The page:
Beleaguered Workforce Threatening Future Of Social Care

Social service chiefs have been told to address the challenge of demoralised staff to stop services from grinding to a halt. Niall Dickson, chief executive of healthcare thinktank the King’s Fund, said plans to improve future social care provision would be scuppered without a growing workforce to deliver. Mr Dickson, who commissioned former banker Derek Wanless to carry out an inquiry into the future of social care, said the report’s recommendations for improved scope of services could not happen without the staff in place.

Currently, there are just over half a million social care staff, around a third of the actual numbers required to deliver the existing demand for services.

Mr Dickson called on social service and council chiefs to invest in their social care workforce ahead of an exponential growth in demand for social care services as people continue to live longer.

He told the national children’s and adult services conference jointly organised by the Association of Directors of Social Services and the Local Government Association in Brighton today: “There is three times the vacancy rate in social care than in other industries. “The challenge of that, looking ahead, is really very significant. It’s all very well saying there is a greater need out there but if you don’t have the workforce, if you don’t improve their status, you will have recruitment and retention difficulties.”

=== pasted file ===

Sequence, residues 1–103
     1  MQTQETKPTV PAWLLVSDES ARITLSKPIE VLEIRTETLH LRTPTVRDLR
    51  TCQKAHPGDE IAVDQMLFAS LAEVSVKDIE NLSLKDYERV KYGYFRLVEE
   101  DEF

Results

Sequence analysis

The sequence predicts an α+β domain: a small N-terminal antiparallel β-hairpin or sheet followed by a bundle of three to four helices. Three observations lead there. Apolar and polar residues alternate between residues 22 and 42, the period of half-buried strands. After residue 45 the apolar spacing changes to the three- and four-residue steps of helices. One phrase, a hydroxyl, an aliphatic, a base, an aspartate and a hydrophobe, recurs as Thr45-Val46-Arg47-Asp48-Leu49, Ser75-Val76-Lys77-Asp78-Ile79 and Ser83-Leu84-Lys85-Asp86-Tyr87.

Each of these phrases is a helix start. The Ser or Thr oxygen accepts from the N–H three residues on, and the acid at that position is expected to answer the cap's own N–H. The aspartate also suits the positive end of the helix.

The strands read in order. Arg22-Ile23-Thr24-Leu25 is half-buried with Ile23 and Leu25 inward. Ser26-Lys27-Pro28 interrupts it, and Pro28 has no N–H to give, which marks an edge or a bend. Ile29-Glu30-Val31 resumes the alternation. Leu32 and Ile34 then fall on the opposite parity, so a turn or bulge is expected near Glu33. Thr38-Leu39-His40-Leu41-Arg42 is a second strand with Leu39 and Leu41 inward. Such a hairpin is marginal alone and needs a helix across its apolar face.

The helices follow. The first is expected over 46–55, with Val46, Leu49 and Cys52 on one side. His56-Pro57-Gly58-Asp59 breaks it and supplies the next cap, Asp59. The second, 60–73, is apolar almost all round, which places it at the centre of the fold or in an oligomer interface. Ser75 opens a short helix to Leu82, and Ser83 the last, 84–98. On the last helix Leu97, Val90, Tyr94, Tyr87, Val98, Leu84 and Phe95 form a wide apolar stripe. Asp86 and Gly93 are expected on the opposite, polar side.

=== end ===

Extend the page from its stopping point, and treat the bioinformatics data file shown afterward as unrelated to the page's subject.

The plight of overstretched social care staff was revealed today after it emerged that home care workers are allocated just 15 minutes with each of their elderly clients.

Local authorities have delivered £314m of savings in adult care services this year and are forecasting a further £213m for next, to comply with the Gershon review of public spending, with a devastating impact on the lives of the independent elderly, unions say.

Health and social care union Unison today called on the government to invest extra resources for staff. Unison national secretary, Heather Wakefield, said the pace of work was putting “intolerable pressure” on home care staff.

“It’s difficult enough to recruit and retain staff on the low pay and poor conditions offered by many of the private contractors that have taken over this work,” she said. “Too many staff vote with their feet and leave because they are not able to provide the standard of care that they believe people are entitled to.

“Home care should be properly funded and integrated within social services so that they can fulfil their vital role as the eyes and ears of social services, reporting any problems early.”